The Howling Storm: Weather, Climate, and the American Civil War by Kenneth W. Noe. Louisiana State University Press, 2020. Cloth, ISBN: 978-0-8071-7320-6. $59.95.
The Civil War was fought outside. This seems like an obvious fact, but it has an important, though often overlooked implication. Because the war was fought outside, humans were not the only participants. The natural world was just as influential in shaping the war’s trajectory. Environmental factors such as mud, snow, drought, and thirst, created hardships and advantages for campaigning armies. And yet, their significance remains invisible in the scholarship. Kenneth W. Noe’s The Howling Storm: Weather, Climate, and the American Civil War attempts to rectify this oversight. By highlighting the important climatological and meteorological events that took place in the United States between 1861 and 1865, Noe merges environmental history with a traditional military narrative of the Civil War. The result is a meticulously researched and exhaustive tome that offers a fresh perspective on a familiar subject.
The Howling Storm is not the first attempt to blend the Civil War with environmental history. Noe’s work fits alongside other important scholarship, such as Lisa Brady’s War Upon the Land: Military Strategy and the Transformation of Southern Landscapes During the American Civil War , Brian Allen Drake’s The Blue, the Gray, and the Green: Toward an Environmental History of the Civil War , Erin Stewart Mauldin’s Unredeemed Land: An Environmental History of the Civil War and Emancipation in the Cotton South , and Judkin Browning and Timothy Silver’s An Environmental History of the Civil War .
Noe’s work is, however, the first to focus exclusively on weather and climate. “Civil War weather did not kill millions,” he writes, “but it was out of the ordinary” (7). Unusual weather patterns derived from the El Niño-Southern Oscillation phenomenon meant that regions within the United States fluctuated dramatically between famine and flood. Nineteenth-century Americans, of course, wrote about these events, but The Howling Storm places them within the larger climatic pattern. Doing so, Noe argues, not only returns the war to its natural environment, but likewise exposes the extent to which weather and climate altered the war’s course.
Noe’s book is comprised of twenty-four chapters, arranged chronologically and geographically. This is significant because modern climatologists have divided the United States into distinct climate zones. By the author’s estimation, the Civil War involved at least five separate zones. As such, trans-Mississippi armies, western armies, and eastern armies all operated within a unique set of climate patterns. Furthermore, while Civil War armies and southern civilians often inhabited the same climate zones, most of the northern civilian population lived in a separate zone. As a result, factors like food production, transportation, winter quarters, and combat varied between regions. For example, much of the “Hot-Humid” and “Mixed-Humid” climate zones that made up the southern United States was plagued by drought in 1862, 1863, and 1864. This undermined Confederate food production; consequences for northern farms were less severe. Yet while each climate zone represented distinct patterns, seasonal changes had the potential to unify some experiences across the regions. The summer heat and dust plagued Union and Confederate soldiers on the battlefield at Manassas, caused the federal army’s collapse outside of Wilson’s Creek in Missouri, and slowed General Don Carlos Buell’s march to Chattanooga.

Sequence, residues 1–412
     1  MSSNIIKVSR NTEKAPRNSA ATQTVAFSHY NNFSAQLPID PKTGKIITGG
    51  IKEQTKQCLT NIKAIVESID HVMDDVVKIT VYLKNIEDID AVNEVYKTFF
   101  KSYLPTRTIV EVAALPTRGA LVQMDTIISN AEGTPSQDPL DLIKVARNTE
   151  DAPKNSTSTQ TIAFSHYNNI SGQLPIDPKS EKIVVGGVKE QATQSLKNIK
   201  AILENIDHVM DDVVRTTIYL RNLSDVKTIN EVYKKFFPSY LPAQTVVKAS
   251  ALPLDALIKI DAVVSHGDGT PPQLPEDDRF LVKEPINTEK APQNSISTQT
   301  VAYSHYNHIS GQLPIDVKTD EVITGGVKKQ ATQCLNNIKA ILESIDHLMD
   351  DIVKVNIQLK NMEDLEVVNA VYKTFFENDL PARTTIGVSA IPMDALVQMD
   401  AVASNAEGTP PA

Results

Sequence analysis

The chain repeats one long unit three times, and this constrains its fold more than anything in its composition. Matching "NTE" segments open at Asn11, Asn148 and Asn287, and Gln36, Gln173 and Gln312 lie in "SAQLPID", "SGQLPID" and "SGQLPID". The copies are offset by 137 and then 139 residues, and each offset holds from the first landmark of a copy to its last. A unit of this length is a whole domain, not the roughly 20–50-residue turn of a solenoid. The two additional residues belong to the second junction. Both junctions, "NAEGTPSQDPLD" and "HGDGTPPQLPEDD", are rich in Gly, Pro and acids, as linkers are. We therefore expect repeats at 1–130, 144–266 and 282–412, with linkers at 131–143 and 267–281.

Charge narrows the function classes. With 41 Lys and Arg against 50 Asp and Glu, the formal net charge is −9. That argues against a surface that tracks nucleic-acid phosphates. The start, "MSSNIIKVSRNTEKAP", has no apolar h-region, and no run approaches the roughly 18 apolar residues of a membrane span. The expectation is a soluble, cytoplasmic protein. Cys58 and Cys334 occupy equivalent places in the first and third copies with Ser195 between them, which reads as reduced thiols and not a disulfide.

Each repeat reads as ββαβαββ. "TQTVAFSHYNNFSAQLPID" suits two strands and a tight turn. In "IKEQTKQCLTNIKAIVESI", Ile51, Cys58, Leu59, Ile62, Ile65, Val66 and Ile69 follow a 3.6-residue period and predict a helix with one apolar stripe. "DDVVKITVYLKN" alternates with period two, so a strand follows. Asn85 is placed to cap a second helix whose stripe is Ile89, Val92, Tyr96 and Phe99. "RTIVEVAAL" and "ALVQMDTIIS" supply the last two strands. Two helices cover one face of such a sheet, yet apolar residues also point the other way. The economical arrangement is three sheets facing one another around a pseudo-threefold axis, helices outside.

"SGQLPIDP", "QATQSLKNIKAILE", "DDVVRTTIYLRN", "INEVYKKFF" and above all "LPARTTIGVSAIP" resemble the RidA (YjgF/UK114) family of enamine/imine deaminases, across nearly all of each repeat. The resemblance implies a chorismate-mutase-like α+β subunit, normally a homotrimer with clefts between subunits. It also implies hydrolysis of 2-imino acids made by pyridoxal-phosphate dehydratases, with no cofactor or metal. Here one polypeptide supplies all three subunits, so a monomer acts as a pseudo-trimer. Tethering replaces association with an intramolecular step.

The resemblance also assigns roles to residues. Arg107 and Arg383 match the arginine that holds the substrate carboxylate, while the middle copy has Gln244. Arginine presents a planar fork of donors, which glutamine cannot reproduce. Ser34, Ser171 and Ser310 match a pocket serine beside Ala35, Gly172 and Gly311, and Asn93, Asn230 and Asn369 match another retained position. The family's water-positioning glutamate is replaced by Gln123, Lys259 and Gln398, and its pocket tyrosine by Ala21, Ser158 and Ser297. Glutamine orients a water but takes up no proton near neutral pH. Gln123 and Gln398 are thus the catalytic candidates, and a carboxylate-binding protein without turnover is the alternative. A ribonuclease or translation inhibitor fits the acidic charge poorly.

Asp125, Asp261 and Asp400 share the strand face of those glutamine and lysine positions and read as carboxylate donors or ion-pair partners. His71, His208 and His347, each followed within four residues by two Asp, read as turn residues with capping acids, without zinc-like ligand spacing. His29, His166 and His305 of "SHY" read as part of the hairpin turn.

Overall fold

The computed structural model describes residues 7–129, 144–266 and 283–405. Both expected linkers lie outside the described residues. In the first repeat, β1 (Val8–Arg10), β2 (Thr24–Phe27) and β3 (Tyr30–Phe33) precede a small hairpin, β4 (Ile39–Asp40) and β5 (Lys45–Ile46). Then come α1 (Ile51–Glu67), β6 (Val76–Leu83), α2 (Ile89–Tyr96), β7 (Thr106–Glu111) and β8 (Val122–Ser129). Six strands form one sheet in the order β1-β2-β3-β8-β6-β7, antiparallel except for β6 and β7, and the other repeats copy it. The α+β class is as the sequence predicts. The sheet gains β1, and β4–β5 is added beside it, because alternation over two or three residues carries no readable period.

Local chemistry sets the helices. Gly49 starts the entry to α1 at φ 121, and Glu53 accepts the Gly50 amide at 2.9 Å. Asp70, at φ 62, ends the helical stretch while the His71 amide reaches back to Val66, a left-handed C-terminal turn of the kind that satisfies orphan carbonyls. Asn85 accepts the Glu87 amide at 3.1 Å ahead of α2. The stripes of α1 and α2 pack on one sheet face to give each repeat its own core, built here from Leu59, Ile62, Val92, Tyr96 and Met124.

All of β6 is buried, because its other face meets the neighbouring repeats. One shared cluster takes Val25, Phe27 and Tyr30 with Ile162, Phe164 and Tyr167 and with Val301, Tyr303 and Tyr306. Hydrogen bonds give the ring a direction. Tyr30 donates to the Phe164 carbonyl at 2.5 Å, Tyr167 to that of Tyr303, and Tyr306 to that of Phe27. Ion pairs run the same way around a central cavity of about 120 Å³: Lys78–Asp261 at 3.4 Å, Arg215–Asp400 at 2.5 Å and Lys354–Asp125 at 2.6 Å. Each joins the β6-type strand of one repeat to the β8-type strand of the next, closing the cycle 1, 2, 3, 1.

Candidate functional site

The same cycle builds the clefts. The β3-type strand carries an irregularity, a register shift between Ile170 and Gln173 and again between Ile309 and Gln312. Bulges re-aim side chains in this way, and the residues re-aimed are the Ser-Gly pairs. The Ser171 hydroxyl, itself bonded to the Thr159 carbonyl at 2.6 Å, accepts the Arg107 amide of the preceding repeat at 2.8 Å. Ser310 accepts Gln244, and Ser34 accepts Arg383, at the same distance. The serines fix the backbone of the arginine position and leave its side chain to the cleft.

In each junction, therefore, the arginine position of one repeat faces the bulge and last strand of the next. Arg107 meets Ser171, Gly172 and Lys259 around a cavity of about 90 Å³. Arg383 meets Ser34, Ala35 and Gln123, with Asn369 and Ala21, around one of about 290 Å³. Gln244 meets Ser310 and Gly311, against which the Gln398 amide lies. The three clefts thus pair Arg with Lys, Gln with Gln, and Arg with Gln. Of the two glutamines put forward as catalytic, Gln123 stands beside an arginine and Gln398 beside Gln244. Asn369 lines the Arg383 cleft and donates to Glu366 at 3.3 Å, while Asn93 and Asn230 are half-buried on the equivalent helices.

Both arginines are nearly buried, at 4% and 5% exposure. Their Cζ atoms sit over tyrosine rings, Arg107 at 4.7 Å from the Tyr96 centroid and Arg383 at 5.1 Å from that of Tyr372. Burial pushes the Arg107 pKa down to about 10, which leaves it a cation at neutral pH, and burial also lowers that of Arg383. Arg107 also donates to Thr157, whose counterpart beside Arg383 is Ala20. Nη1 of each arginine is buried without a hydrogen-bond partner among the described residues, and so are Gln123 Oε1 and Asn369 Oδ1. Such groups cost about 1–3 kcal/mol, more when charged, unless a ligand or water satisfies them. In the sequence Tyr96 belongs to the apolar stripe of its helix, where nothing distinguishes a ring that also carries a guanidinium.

Through his analysis of Civil War weather, Noe challenges several popularly held conceptions. Most notably, The Howling Storm offers new insight into the tensions between General George B. McClellan and Abraham Lincoln. While many historians characterize McClellan’s sluggish movements as a sign of reluctance, Noe suggests that they were appropriate given the environmental conditions experienced by the Army of the Potomac. “While historians have depicted Lincoln as an untutored military genius,” Noe observes, “he never really understood logistics or the realities of moving armies in bad weather” (494). McClellan, by contrast, did. As a result, he routinely adapted his orders to accommodate the weather until forced to do otherwise.
Additionally, Noe’s intention is to follow “modern environmental historians in assigning agency to the environment and treating climate and weather as a sort of third army” (1). Thus, The Howling Storm routinely demonstrates that weather was often a greater threat to Civil War armies than the opposing force. Exposure to extreme conditions deprived campaigning soldiers of sleep, food, and water. It slowed their advances, undermined their retreats, and placed additional burden on bodies already under duress. Interestingly enough, Noe concludes that, “over and over, weather defied expectations and favored the Union cause—and perhaps even more—emancipation” (493). Despite the fact that initial conditions seemed to favor the Confederacy, the North more readily adapted to the challenges produced by the era’s unreliable weather and climate.
All of this said, The Howling Storm offers a traditional narrative of the battlefield and home front. The author is quick to point out that his work does not involve politics or a detailed analysis of race and gender. It does not consider the relationship between weather, climate, and emancipation; nor does it investigate the lives of civilians, prisoners of war, or military animals. These topics are left for the next scholar. Nevertheless, weighing in at 688 pages, The Howling Storm is a magnum opus that successfully challenges historians to rethink all they have ever known of the war.
Lindsay R. S. Privette is an assistant professor of history at Anderson University.